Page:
Since the new year, MCE has been monitoring activities in Washington D.C. with the convening of the 117th Congress and the establishment of the Biden-Harris Administration. We are hopeful about the impacts that various policies will have on small-scale producers, Black Indigenous and People of Color (BIPOC) farmers, children attending school, and food insecure families. Below is an overview of federal legislative efforts as of March:
Justice for Black Farmers Act (S. 300) – Sen. Booker introduced this bill in February and has several co-sponsors, including Sens. Warren and Gillibrand. The act will reform policies to end discrimination against Black farmers by the USDA, prevent further landloss by Black farmers, provide land grants to support new generations of Black farmers and restore land that has been lost. MCE has explicitly endorsed this bill.
The Agricultural Improvement Act became law in 2018 — creating an Office of Urban Agriculture and Innovation Production and an urban agriculture data collection initiative at the USDA. Efforts have been taking place to increase their funding. In 2020, the Office received 578 applications for grant and cooperative agreement opportunities, and with a limited budget they were only able to fund 10 grant projects and 13 cooperative agreements. We hope to see Congress increase this Office’s funding in 2021 and 2022.
The Farm to School Act is back! Delegate Plasket introduced H.R.1768 in March, with Rep. Fortenberry and Rep. Adams co-sponsoring. MCE and our members made calls and sent in hundreds of postcards and emails in 2019 hoping to see this pass. Fortunately, it has been reintroduced and we are hopeful it will pass later this year, providing greater funding for more schools to source their cafeteria food from local farmers.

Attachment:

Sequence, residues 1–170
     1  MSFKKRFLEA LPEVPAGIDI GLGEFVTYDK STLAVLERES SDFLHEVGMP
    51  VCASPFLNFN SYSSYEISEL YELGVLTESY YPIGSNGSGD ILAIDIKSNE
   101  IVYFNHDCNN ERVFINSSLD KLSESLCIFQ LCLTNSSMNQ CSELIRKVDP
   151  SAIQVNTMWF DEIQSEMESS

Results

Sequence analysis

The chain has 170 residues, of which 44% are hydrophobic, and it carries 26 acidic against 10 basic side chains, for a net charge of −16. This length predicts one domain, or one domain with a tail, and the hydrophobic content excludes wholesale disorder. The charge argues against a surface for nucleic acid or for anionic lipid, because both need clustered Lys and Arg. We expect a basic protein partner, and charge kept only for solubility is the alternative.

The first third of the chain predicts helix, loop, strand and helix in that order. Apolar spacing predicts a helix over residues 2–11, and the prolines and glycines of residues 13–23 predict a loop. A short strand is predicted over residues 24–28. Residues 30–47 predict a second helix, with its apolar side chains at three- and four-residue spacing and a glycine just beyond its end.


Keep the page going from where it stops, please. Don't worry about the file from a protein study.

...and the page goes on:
Two bills we hope to see reintroduced from the 116th Congress (2019-2020) are the Strengthening Local Processing Act (H.R.8431) and the Agriculture Resilience Act (H.R.5861). Small-scale livestock producers have been hit hard by the processing industry and the Strengthening Local Processing Act would include policy reform for the USDA, including financial and technical assistance for farmers and processors — making local meat processing easier. The Agriculture Resilience Act was intended to address climate change by recognizing the role industrial agriculture plays on it and the opportunity that regenerative agriculture has to help build soil health and climate resiliency.
Lastly, MCE is thrilled about two specific components of the American Rescue Plan of 2021 (ARP) which became law in March. First, ARP includes the text from the Emergency Relief for Farmers of Color Act (S. 278). This component of ARP provides extensive debt relief to BIPOC farmers, acknowledging the systemic racism and oppression they’ve endured from the USDA, including the additional hardships due to COVID-19. Emergency Relief for Farmers of Color Act also provides support to BIPOC farmers in the form of grants, support with land access, legal assistance, financial planning, and creation of a new racial equity commission to address the systemic racism within the USDA. Secondly, the ARP includes text from the Expanding SNAP Options Act (S. 313). This component provides funding to create a universal online and app-based portal to allow online ordering of nutritious foods using SNAP. The act provides funding for a new technical assistance center in the USDA to help small retailers use the online platform — which is important because currently, Amazon and Walmart are the only two able to use the program in most parts of the country.
MCE is also excited about several appointments in the Biden-Harris administration. Learn more about these individuals’ background and the agencies they will lead at https://moenvironment.org/2021-new-administration/.